My Pontiac Firefly / Chevrolet Metro / Geo Metro / Suzuki Swift
metrompg.com welcomes fuel efficiency nerds everywhere

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Latest fuel economy stats
for my '98 Firefly 1.0L 5-speed
  best: 2.3 125.1 104.2
 worst: 6.4  44.1  36.8
prev.3: 3.3  82.3  68.6
   all: 3.8  73.4  61.1
L/100km | mpg IMP | mpg US
Jul 28/07: more, graph, calc.
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Best non-hybrid MPG: Mitsubishi Mirage
Highest MPG for a new car: Mitsubishi Mirage?
Mitsubishi's 1.2L, 3-cylinder Mirage is the first new non-hybrid car that can match an old Metro's mileage. The company says 44 mpg (US) highway, 37 city. (Some drivers are already beating that in various economy driving contests.) How? An efficient engine, very light weight and aerodynamic design.


Cheapest to own? 2015 Nissan Micra Forum
2015 Nissan Micra Forum
The Micra's fuel economy isn't its most notable feature -- the $10,000 price is. That makes it one of the cheapest cars to own. And its 109hp, 1.6L engine and good power-to-weight ratio means it's fun to drive too.


Latest 10 posts:
1. Recipe for getting 99.7 mpg from a Geo Metro
2. Aerocivic.com - famous aerodynamic Honda Civic gets a web site
3. Snapshot: effect of tire pressure on rolling resistance
4. 65+ vehicle modifications for better MPG
5. Metro mania: forget stocks, put your money in old Geos!
6. 100+ Hypermiling / ecodriving tips for better gas mileage
7. Experiment: how long should a block heater be plugged in?
8. Everything old is new again: Car and Driver magazine modifies an econobox to improve MPG
9. Project Convertible XFi: alfresco efficiency
10. The floor is yours: MetroMPG opens a fuel efficiency forum
11 ... 64. Show all posts




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Links:

Good MPG forums: I spend a lot of time at Ecomodder.com and have also been known to lurk around cleanmpg.com.

Chevrolet Aveo forum - AveoForum.com: discussion of the Chevrolet Aveo and its siblings (Pontiac Wave, Pontiac G3, Suzuki Swift+, Daewoo Kalos).

> Lots more Metro links...
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Send me a note:
darin AT metrompg D-O-T com,
or here



MetroMPG has opened a fuel economy forum
Read about the project here, or go straight to EcoModder.com.
ScanGauge fuel economy computer Save fuel with a ScanGauge II fuel economy computer.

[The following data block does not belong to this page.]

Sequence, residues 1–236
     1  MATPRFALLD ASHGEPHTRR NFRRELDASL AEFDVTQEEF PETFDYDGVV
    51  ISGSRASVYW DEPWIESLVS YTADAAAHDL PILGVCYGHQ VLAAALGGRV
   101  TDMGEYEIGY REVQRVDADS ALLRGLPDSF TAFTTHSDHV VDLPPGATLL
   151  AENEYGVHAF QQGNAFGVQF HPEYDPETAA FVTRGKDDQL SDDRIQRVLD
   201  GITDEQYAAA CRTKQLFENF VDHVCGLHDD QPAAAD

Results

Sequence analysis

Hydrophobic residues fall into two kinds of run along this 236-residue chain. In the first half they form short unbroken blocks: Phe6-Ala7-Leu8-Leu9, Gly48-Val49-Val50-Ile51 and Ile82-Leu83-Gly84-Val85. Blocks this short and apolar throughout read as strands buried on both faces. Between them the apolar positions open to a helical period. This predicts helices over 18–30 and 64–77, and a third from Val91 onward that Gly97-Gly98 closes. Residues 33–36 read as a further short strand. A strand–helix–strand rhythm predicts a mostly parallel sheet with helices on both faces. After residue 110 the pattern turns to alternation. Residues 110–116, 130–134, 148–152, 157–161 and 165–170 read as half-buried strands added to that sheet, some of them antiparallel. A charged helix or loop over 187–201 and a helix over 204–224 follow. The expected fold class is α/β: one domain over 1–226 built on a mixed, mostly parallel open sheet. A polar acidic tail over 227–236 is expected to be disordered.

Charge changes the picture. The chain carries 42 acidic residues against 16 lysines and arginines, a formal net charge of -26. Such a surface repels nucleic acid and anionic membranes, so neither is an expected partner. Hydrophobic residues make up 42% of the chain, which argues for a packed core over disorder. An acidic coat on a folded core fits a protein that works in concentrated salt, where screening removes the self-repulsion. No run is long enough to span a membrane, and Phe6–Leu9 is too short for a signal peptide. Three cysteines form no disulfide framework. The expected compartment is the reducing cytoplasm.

I personally recommend this tool. I've owned both versions (I and II) and can't say enough good things about it. If you're serious about saving fuel, get one.

For more information and to order, visit EcoModder.


Speed kills: testing MPH vs. MPG in top gear

Posted Wednesday, August 2/06 in Mods & Tests

Speed vs MPG

The fact that you're reading articles on a fuel economy web site says you're probably already aware that speed kills ... mpg. Resisting the urge to drive fast is one of the easiest and most effective methods for seeing big savings.

We've all seen stats from NRCan and the EPA about how much more fuel is burned as speed rises: Driving at 120 km/h instead of 100 uses about 20% more fuel (NRCan); observing highway speed limits can save 7-23% (EPA).

Those are serious numbers. But reading a stat is one thing - seeing it laid out graphically is a real eye-opener. So I set out to collect some hard evidence for the Blackfly: a graph of speed vs. fuel consumption.

Inspiration & examples ...

The inspiration for this data gathering mini-mission came from seeing a number of graphs for various cars, including this simulated plot for the Prius II. It's an interesting shape that reveals a lot about the car that made it:

Prius II speed vs. mpg
(Source)

The benefit of electric assist is obvious up to around 42 mph, at which point the engine spins up, mileage abruptly falls off a short cliff, and then continues to decrease more gradually as speed rises. The shape of the graph could also have only come from a car with a continuously variable transmission - other than the transition where the internal combustion engine spins up, there are no obvious "steps" in the plot.